Are you and your pals heading to Russia this year? Now England have made it through to the knockout stages, Gareth Southgate’s clearly vibrant young squad are on a solid position to make a claim on the World Cup that’s so cruelly evaded us for over 50 years. Millions of fans will travel to Russia this summer from across the globe, but sadly this isn’t like any old Holiday, with security on high alert due to the very real possibility of terrorist attacks, violent hooliganism and anti-British sentiments from locals.
British newspaper The Guardian stated that as of the beginning of the tournament, only 8,000 people have signed up to the Foreign Office’s travel advice. MPs say this worryingly low figure means it may be difficult to contact English fans in Russia if a change in the atmosphere, or specific incidents lead the UK government mid-tournament to conclude fans should stay in their hotels or urgently cut short their visit altogether. Following the Russian/English violence at the French hosted Euros in 2016 that resulted in hundreds of football fans being injured, as well as arrested.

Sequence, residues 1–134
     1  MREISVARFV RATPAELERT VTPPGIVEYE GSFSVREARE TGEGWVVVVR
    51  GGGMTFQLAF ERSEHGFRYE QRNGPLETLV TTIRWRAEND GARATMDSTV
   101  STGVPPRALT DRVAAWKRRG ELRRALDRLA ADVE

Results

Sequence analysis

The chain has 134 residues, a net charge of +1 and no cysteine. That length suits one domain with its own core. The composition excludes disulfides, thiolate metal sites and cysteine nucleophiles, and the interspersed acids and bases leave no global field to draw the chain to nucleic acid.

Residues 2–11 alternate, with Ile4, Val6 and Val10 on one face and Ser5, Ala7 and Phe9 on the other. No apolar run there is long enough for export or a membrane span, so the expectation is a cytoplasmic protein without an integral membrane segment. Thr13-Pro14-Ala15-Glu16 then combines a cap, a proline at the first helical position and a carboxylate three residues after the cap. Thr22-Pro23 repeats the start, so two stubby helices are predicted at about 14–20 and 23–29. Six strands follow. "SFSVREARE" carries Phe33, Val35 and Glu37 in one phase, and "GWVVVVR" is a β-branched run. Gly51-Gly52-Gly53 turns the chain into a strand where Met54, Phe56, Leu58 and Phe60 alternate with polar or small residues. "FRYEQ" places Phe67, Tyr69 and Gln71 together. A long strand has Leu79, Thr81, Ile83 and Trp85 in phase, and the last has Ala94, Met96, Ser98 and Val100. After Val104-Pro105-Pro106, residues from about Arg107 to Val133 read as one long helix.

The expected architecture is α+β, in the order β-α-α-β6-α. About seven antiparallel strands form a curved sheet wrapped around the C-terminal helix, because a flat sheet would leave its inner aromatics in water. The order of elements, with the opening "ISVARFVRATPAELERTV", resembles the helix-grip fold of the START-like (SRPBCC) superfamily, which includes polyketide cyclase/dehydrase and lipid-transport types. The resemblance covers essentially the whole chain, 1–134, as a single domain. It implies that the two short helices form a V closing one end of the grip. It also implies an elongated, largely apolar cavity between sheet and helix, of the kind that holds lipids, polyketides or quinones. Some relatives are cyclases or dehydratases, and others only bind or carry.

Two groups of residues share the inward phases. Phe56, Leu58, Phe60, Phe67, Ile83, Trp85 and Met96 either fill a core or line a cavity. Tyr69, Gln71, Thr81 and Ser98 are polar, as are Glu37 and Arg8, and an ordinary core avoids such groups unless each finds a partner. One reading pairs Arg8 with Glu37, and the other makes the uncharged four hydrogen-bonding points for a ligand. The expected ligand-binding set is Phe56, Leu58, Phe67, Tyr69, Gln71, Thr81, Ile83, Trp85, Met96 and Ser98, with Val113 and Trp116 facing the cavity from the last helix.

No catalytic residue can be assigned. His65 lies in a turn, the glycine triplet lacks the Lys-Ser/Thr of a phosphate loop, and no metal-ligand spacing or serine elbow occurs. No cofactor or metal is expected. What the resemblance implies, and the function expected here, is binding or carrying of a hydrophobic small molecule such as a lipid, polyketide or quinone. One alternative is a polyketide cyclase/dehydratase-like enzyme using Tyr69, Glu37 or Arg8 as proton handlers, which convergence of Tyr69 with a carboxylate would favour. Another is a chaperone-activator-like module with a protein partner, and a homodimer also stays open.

Sadly, football violence isn’t the only issue travelers have. In 2018, Russia was ranked in an alarmingly low 45th out of 49 European countries for LGBTQ rights by ILGA-Europe. There are currently no laws that exist to protect LGBTQ people from discrimination on the grounds of sexual orientation and/or gender identity. Nick Duffy, current affairs editor of LGBTQ publication Pink News said:
“Given the direct threats of violence made to LGBTQ people attending the World Cup and the lack of a credible response from Russian authorities, I would not encourage LGBTQ people to travel to the World Cup. It’s obviously up to individuals to make their own choices about their safety, but indications so far suggest that people who are visibly identifiable as LGBTQ are at risk of targeted violence and discrimination. Foreign tourists who are not accustomed to the country’s hostile environment towards the LGBTQ community may also put themselves at risk under the country’s gay ‘propaganda’ law.”
With the limelight so brightly shone upon the Russian nation right now, FIFA and the Kremlin will likely be doing everything in their power to keep the peace and hold onto a positive image of the country. What are your thoughts? Are you heading to Russia this summer? Let us know in the comments.
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